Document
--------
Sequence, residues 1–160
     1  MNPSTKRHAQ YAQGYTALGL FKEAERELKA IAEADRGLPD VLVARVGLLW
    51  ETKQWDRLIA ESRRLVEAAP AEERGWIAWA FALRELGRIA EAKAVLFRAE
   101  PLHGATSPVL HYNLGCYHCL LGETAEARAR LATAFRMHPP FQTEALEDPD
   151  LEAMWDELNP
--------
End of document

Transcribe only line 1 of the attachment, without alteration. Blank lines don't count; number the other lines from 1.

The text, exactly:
Sequence, residues 1–160